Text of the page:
(2) The carpet on the sideboard, wrongly interpreted ‘faire la tapisserie’, is now corrected and reads: ‘to hide confidential matters (or, ‘the sideboard’) under the carpet’ (‘cacher la credence sous le tapis’).
(3) The purple-and-gold flag iris: In this connection, one misprint has been brought to my attention to date. The ‘purple’ flag iris, described in the Journal of the Richard III Society in 1978, should read ‘purple-and-gold flag iris’. Biographers sometimes brood for many years before writing the life of their dead hero and in this I am striving to imitate them.
(4) Mary Bradshaw
Special thanks are due to Mary Bradshaw who most kindly pointed out that Margaret Roper and Cecily Heron are depicted wearing sleeves made from material of the other sister’s bodice. Each is in the other’s sleeves. In French, ‘être dans la manche de quelqu’un’ (literally, ‘to be in the sleeves of someone’) means in familiar language ‘to help and/or support one another’. The English equivalent is ‘to be in each other’s pockets’.
(5) Patrick McEvoy
I also wish to thank Patrick McEvoy who identified the unstrung small harp near Lady Alice’s head. The artist appears to confirm that Lady Alice had no son in her first or second marriage (‘sans fils’ means ‘unstrung’ and also means ‘without a son’).
(6) The nose of Lady Alice More. I have to draw attention to five words written in Greek in a letter More’s friend, Ammonio, wrote to Erasmus (at Cambridge) following his recent move from More’s house (More’s former home in Bucklersbury), that he no longer has to look at ‘tes harpuias to ankylon rhomphon’, interpreted in a slightly “forced” translation, ‘The hooked beak of the Harpy’. It means, presumably, that Ammonio did not like Lady Alice and was making a most ungallant reference to her nose. (See: ALLEN I, 17 Oct 1511, No. 236) In Sir Thomas More and his Family, Holbein depicts Lady Alice with her face half-turned towards the artist and if the nose was prominent, it is not evident here. One more flattering gesture, perhaps, to the lady in whose house he had once lived as her guest.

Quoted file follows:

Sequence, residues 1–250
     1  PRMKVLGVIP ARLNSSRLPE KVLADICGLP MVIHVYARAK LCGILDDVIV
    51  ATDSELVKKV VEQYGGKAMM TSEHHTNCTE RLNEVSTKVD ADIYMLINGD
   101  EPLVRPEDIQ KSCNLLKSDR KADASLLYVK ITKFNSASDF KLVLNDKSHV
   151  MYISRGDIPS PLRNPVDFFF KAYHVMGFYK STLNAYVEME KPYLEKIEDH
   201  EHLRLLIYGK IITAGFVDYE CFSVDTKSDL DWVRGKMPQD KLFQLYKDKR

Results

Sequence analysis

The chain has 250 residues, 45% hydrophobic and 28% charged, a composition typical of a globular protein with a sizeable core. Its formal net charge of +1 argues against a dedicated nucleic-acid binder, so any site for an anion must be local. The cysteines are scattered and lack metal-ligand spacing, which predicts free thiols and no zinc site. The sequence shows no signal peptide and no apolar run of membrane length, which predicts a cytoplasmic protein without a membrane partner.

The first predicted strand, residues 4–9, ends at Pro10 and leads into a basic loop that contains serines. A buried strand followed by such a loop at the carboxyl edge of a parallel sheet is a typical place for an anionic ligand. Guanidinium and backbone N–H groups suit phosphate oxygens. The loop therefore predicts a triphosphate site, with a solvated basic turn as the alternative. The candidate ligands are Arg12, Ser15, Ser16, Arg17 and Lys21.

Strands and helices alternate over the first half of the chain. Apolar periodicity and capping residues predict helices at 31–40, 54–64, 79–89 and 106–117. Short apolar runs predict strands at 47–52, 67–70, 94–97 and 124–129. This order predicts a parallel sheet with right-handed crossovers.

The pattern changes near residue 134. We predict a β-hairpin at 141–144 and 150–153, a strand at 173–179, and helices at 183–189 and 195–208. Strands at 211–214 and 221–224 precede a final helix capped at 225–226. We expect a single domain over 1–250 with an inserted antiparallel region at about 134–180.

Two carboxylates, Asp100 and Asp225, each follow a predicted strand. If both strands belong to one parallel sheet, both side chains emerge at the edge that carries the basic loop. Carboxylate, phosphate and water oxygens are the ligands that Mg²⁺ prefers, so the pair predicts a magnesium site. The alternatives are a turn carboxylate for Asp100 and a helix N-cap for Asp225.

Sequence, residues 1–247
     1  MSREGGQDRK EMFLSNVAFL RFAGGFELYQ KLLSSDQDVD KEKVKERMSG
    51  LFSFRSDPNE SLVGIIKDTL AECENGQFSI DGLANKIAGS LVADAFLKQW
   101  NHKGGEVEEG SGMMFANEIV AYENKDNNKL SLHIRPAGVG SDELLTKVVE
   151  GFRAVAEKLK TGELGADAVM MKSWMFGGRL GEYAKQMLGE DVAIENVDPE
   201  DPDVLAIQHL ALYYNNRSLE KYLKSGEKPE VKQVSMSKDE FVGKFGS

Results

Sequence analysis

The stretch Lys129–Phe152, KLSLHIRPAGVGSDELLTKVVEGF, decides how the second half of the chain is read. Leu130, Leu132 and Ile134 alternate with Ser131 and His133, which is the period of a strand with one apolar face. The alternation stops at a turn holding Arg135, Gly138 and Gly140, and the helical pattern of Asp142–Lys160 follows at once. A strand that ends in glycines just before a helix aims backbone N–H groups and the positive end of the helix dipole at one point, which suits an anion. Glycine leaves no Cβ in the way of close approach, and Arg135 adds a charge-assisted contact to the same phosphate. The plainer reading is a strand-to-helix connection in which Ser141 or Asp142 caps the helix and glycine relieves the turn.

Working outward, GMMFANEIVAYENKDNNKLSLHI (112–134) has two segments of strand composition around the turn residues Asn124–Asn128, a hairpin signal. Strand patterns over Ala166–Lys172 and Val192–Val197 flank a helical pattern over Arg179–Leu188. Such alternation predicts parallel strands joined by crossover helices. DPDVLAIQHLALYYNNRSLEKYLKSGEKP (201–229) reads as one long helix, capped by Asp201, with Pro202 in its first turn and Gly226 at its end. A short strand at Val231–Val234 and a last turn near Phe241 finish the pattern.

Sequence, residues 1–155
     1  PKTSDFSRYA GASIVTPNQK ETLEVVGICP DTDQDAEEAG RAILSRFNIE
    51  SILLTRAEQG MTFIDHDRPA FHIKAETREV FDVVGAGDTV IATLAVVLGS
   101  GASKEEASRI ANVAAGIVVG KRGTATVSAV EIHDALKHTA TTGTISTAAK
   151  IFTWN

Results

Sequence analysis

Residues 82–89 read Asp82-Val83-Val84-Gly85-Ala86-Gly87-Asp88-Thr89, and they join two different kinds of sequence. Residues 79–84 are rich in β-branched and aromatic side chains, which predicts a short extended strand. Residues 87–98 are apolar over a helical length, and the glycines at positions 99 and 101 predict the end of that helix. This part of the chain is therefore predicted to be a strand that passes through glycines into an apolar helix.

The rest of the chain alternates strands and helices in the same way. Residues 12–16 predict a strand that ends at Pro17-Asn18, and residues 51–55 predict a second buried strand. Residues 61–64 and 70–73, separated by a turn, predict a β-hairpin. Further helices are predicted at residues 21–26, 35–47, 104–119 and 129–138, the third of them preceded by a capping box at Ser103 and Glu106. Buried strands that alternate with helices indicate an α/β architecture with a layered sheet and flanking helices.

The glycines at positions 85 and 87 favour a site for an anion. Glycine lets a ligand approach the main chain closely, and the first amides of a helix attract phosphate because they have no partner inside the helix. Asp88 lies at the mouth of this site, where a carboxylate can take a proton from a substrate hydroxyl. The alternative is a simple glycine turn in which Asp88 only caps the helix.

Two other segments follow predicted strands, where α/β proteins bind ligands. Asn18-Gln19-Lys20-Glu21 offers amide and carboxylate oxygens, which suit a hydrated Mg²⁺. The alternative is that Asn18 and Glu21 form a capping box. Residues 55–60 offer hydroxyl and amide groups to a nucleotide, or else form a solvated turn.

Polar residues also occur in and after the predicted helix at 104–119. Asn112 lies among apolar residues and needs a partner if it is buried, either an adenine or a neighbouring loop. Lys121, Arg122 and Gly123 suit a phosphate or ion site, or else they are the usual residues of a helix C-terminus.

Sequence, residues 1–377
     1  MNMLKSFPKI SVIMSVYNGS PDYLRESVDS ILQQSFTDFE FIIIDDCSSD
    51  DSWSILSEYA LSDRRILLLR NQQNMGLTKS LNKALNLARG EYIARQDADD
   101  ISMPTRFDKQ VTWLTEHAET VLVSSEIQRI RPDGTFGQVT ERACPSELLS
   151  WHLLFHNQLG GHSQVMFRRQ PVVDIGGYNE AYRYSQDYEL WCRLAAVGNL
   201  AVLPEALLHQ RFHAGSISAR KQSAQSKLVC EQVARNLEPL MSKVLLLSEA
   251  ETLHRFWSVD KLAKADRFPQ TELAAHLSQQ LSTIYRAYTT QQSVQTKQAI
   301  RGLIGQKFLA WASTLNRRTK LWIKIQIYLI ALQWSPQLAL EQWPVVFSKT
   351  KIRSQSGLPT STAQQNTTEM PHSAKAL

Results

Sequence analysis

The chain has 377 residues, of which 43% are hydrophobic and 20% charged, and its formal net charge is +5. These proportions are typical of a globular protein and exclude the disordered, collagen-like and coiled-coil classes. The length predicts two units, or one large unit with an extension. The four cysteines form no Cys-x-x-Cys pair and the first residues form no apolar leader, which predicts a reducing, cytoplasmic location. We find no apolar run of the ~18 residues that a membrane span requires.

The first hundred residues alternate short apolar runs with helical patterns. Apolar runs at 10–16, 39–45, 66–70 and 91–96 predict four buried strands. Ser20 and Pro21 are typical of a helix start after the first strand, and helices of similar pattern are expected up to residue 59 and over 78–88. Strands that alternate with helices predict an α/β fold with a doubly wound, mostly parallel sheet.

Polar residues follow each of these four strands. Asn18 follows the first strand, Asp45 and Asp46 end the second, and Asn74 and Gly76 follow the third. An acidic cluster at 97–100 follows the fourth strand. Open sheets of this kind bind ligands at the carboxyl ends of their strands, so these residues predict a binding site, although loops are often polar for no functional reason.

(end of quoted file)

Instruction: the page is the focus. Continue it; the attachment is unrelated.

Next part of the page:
(7) Catherine and John Buckby
More recently, Catherine and John Buckby correctly observed (confirmed by Brendan Bothwell) that the small stay at the tip of the viol bow (beside the viol on the sideboard) is upside-down in relation to the bow handle, ‘étai au point d’archet à l’envers’, in French. I have to draw attention: 1. A line through the bow of the viol points from the lower purple peony to the carpet on the sideboard cutting the head of Margaret Clement; 2. A line from the upper purple peony through the line of the viol points to Elizabeth Dauncey. When ordered, the anomalies have the following linguistic equivalent:
‘The purple peony’ (Richard, Duke of York, also known as Dr John Clement) ‘was about to take flight like an arrow to Antwerp’ (était au point d’archer à l’Anvers), ‘cutting off a first line of descent with Margaret Clement’ (couper premier lignage avec Margaret Clement) ‘hiding everything under the carpet’ (cacher la crédence sous le tapis) ‘to descend in second lineage with Elizabeth Dauncey’ (descendre en deuxième lignage avec Elizabeth Dauncey) and his illegitimate child?